Addington School: special school for pupils aged 3 – 19 years

Addington Logo 2023

Addington School is a special school for pupils aged 3 – 19 years. Addington School is now located on two sites. The Main site in Woodley next door to The Bulmershe School and the leisure centre. Our Early Years Centre is located in Farley Hill.

Addington caters for up to 295 pupils with severe or profound learning needs, many of whom have associated sensory, communication, motor and / or behaviour difficulties including Autism.

All pupils at Addington have a Statement of Special Educational Need or an Education Health and Care Plan related to their learning difficulties and additional needs.

We aim to be “a community committed to excellence and the development of the potential of all”.

We want to know that what we do makes a positive difference to the lives of our children and young people and that they are able to learn in an environment which holds mutual respect and positive ethos at its heart.

Watch the video below for a look inside Addington Schools new building

Contact information

Addington School
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Contact Name
Sara Attra
Contact Position
Head Teacher
0118 966 9073 0118 966 9073
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We also have a second site, our Early Years Centre, in Farley Hill. Please contact the main site with any initial queries.

Addington Early Years Centre

Church Road

Farley Hill



When is it On/Open ?

Date & Time Information

Pupil Hours

Main Site, Woodley - 9 - 3:15

Addington Early Years Centre, Farley Hill - Staggered start and finish times. Either 9 -2.45 or 9.15 - 3.

Accessing this service

Type of School
Age Ranges
3 yrs - 19 yrs
Eligibility Criteria

Pupils must have an EHCP and applying via Wokingham SEND Panel for Addington School

Provision For

Supporting people with
Sensory Impairment
Autism Spectrum Conditions
Social Needs
Emotional Needs
Visual impairment
Learning and Communication
Mobility problems
Multi-sensory impairment
Physical impairment
Other long term conditions
Hearing impairment
Local Offer

Local Offer - Support available for children and young people with additional needs

Local Offer Description

Local Offer last reviewed 11/05/2021

Support for children with special educational needs 1.1: Who will oversee and plan my child's education programme?

Class teachers at Addington have this responsibility with input from other specialists as required.

Deputy Head  and Heads of department have an overview of the curriculum and teacher plans.

We work closely with therapists to ensure therapy targets are met and operate an integrated approach in the classroom.

All pupils have a Personalised Learning Plan based on their EHCP outcomes.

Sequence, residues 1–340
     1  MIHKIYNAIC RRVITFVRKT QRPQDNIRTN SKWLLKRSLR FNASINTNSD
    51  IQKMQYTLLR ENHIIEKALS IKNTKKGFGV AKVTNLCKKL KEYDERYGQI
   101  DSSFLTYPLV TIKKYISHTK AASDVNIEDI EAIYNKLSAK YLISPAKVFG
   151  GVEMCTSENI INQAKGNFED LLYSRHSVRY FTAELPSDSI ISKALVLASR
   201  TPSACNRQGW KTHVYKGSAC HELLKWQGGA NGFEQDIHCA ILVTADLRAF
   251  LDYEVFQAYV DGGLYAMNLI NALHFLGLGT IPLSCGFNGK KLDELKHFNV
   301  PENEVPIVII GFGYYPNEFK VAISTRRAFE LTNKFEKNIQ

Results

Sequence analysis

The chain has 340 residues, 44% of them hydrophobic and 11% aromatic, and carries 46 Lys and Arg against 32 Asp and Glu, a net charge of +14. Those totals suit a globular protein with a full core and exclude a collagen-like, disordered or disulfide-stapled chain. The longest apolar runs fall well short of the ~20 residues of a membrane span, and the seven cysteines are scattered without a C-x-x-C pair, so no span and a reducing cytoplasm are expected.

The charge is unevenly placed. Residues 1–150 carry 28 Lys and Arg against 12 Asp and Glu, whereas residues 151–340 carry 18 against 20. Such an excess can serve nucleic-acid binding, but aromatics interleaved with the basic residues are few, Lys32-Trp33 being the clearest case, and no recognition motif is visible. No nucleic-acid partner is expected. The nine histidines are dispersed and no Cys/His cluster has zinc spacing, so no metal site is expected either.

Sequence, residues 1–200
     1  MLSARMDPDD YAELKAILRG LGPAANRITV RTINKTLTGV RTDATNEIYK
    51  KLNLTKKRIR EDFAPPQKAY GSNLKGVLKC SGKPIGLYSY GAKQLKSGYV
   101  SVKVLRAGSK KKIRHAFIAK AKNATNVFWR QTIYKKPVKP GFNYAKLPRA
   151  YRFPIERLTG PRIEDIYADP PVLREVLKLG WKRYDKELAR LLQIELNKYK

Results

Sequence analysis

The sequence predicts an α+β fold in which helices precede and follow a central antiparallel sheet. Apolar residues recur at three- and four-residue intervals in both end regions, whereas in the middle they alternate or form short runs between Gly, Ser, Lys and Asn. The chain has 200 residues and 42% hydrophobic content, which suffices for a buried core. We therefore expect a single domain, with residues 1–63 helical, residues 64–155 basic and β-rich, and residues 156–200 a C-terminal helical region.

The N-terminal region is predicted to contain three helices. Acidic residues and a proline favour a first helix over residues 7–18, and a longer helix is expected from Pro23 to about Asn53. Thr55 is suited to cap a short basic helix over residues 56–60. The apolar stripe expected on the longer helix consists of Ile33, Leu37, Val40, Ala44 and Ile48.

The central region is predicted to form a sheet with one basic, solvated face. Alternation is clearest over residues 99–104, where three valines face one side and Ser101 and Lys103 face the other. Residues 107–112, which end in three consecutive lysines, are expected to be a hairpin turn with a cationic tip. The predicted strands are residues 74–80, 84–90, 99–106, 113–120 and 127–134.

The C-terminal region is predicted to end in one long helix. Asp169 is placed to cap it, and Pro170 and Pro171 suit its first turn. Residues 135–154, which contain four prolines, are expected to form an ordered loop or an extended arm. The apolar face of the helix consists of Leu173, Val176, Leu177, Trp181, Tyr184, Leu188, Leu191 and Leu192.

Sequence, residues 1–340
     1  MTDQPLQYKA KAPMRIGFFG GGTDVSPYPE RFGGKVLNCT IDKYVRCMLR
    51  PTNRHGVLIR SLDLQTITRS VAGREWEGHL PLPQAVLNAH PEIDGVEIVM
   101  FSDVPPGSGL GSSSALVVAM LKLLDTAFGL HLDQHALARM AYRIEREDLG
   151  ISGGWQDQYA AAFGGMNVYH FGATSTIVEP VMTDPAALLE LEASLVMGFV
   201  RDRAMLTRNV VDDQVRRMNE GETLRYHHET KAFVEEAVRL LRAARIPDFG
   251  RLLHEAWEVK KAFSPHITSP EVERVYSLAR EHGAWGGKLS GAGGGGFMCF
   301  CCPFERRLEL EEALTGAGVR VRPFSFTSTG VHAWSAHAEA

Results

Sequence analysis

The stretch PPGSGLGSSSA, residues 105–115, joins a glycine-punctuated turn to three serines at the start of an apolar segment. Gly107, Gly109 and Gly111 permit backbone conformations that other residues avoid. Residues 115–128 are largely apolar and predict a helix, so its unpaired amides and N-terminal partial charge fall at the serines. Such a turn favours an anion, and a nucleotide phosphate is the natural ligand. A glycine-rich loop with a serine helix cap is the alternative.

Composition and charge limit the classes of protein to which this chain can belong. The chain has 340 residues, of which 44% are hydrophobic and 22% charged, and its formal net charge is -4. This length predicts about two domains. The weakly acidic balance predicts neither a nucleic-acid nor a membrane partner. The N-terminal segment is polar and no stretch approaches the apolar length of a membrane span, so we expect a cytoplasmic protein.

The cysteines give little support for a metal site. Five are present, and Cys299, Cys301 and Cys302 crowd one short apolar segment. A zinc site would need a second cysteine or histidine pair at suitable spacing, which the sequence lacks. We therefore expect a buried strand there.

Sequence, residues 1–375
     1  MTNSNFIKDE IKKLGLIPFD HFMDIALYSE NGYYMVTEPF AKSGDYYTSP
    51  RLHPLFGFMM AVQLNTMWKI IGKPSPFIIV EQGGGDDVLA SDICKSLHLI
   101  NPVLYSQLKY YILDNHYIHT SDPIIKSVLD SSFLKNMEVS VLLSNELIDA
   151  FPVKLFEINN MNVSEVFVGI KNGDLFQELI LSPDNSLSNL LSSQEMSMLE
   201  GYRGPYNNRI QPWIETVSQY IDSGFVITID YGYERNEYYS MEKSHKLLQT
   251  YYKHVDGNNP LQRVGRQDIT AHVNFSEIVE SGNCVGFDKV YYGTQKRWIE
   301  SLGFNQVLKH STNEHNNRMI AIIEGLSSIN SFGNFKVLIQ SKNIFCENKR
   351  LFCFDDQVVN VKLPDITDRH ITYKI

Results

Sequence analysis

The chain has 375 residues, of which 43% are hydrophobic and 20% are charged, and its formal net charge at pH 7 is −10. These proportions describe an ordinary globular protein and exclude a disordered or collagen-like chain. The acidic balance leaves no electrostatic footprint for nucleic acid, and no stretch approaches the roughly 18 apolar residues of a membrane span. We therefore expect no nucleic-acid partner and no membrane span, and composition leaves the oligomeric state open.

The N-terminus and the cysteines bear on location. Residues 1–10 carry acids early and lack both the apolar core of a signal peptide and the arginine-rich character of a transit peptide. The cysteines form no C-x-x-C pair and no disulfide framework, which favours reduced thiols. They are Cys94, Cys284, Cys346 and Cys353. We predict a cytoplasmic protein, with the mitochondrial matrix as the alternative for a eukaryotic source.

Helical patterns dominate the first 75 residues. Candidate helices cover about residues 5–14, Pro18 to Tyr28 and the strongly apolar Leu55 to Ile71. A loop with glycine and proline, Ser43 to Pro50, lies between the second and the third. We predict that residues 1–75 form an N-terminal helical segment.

We aim to work closely with parents as their knowledge is invaluable.

1.2: How will I be informed / consulted about the ways in which my child is being helped?

We meet formally with parents to discuss targets / outcomes and interventions at parents evenings, held termly.

If we need further discussion we meet with parents and professionals as necessary.

We meet formally once a year for the Annual Review of EHC Plan.

Home / School diary

Phone calls/emails

Weekly newsletter from class teachers or weekly blog all available on our website

1.3: How will the school balance my child's need for support with developing their independence?

We work in class groups with small group and 1-1 support. Our ethos is to develop as much independence as possible and pupils are encouraged to do as much as possible for themselves.

Staff training emphasises the need for encouraging independence.

Literacy programmes teach for independence e.g. Tracks, Catch Up, Rapid Reading and Writing.

Strategies for learning support independent learning.

Mathematical skills are taught and used in context to develop independence.

A structured teaching approach develops pupils' independence.

Occupational Therapy and physiotherapy programmes develop skills for independence.

Speech and language therapy programmes help to develop choice and views.

1.4: How will the school personalise the curriculum to meet my child's needs?

Our curriculum is based on a combination of:

  • Developmental curriculum
  • Additional curriculum e.g. speech and language, physiotherapy,  occupational therapy targets
  • Personalised curriculum to meet needs of pupils in the school as well as the National curriculum and Foundation Stage Curriculum
  • The balance is based on individual needs. All our curricula are differentiated. Class teachers develop programmes of study appropriate for individuals.
  • With our older students (14-19), the focus for their personalised curriculum is preparing them for adult life and making a successful transition from Addington.  We also have a dedicated careers team who arrange work experience placements and supported internships.
  • Our assessment processes ensure that learning targets match the needs of each individual student.
  • Structured small steps programmes in English and Maths ensure each child is taught at ‘the cutting edge’ of their learning.


1.5: What teaching strategies and approaches does the school use for children with learning difficulties, including autistic spectrum disorder, hearing impairment, visual impairment, speech and language difficulties and physical disabilities?